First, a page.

Gian Domenico Borasio feels that general practitioners are the pillars in end-of-life support.
Assisted suicide and the concept of medical futility have become hotly debated issues. Amid this turbulence, palliative care has gained greater recognition in the past few years. But Switzerland still has a way to go. One solution is to give family doctors a more central role in patient care.
GDB We’ve accomplished several major steps forward recently, including the acceptance of a national strategy for palliative care in 2009. This strategy has boosted the ad hoc structures available in the country. Other important advances have been made too. Palliative medicine
has been a compulsory area of study in medical school since 2012 and became an official sub-specialty, like geriatrics, in 2016. But Switzerland can do better. In its international survey in 2015, “The Economist” ranked Switzerland 15th in the quality of end-of-life care.
GDB Yes, general practitioners are the pillars of palliative medicine. Approximately 80% of people could be cared for by their family doctor at the end of their life,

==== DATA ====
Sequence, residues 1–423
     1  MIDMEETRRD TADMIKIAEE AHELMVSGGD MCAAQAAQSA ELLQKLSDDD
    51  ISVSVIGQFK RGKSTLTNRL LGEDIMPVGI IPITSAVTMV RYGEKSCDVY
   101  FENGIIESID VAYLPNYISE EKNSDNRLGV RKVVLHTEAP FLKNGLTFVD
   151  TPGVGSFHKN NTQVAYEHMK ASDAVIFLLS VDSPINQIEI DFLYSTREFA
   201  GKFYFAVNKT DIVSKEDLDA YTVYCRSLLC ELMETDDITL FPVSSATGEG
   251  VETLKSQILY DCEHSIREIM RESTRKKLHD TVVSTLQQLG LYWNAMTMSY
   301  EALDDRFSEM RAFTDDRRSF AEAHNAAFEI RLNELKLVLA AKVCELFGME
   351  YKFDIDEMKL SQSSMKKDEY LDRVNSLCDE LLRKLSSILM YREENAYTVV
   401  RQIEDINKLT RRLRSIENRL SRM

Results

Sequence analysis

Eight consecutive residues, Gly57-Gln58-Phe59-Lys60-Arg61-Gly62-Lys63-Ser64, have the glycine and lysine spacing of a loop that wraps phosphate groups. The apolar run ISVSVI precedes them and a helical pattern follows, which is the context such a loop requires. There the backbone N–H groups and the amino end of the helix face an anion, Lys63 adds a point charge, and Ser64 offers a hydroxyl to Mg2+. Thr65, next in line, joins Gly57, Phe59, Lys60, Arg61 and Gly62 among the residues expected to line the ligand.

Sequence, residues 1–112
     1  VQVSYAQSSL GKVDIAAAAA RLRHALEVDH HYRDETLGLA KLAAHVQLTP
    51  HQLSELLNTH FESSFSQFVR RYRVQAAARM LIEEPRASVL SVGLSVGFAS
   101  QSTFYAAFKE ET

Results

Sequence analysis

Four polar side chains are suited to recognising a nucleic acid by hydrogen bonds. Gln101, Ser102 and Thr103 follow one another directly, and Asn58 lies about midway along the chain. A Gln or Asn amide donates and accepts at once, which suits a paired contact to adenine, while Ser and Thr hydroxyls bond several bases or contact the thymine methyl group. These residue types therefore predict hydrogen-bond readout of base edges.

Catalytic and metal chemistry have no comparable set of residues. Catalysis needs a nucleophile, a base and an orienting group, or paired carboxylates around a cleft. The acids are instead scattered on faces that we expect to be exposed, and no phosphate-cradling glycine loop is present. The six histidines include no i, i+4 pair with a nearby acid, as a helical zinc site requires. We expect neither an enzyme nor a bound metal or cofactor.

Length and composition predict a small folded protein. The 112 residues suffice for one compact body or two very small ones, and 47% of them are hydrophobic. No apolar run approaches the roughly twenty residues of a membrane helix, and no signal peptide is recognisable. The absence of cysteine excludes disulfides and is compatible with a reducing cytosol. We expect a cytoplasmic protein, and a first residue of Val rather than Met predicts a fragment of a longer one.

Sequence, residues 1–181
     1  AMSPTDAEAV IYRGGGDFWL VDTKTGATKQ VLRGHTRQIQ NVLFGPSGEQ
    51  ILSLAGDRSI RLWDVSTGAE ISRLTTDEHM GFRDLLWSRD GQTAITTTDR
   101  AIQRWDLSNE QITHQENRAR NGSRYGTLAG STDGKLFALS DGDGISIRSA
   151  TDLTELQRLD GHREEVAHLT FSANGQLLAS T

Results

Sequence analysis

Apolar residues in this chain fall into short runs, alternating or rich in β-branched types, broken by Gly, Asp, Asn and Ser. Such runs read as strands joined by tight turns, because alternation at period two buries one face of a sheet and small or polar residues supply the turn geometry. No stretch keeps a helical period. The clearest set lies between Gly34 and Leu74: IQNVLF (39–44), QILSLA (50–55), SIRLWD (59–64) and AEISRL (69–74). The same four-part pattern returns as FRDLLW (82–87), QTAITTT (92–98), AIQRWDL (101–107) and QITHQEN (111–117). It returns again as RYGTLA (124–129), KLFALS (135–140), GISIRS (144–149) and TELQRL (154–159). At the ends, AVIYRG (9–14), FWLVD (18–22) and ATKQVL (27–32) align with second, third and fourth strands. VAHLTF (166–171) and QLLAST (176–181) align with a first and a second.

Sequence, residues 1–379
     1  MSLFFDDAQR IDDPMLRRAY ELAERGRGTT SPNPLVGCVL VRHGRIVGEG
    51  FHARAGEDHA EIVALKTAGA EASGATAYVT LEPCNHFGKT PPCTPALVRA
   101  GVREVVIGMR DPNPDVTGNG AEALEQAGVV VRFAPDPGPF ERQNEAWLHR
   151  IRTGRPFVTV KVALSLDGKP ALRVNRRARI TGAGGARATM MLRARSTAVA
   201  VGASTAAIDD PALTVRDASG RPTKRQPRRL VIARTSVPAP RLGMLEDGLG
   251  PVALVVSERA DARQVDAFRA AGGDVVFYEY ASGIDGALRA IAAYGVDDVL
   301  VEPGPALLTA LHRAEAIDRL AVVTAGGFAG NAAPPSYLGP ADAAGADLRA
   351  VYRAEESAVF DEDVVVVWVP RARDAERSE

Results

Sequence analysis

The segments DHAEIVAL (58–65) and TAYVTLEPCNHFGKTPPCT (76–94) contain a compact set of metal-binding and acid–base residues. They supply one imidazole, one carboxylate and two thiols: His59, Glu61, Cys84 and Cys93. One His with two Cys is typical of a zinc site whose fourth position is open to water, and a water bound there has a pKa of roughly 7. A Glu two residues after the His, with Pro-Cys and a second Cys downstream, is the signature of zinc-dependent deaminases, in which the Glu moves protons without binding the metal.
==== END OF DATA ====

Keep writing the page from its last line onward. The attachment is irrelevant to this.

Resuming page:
with the help of health care providers and trained volunteers. Only around 20% of deaths require care by experts in palliative medicine. Most patients could theoretically stay at home, as long as general practitioners are better informed and trained properly. In-home care also needs to develop more. These days, 75% of Swiss people say they would like to die at home, but nearly 80% of deaths occur in hospital or specialised homes.
GDB The best way is to plan ahead. In concrete terms, we can prepare for our death in the same way we prepare for other aspects in life. In Switzerland, the new law on adult protection passed in 2013 entitles people to designate a therapy representative and predefine guidelines, such as instructions on which treatments they would like or refuse in an end-of-life situation. These guidelines should always be prepared with the help of their GP.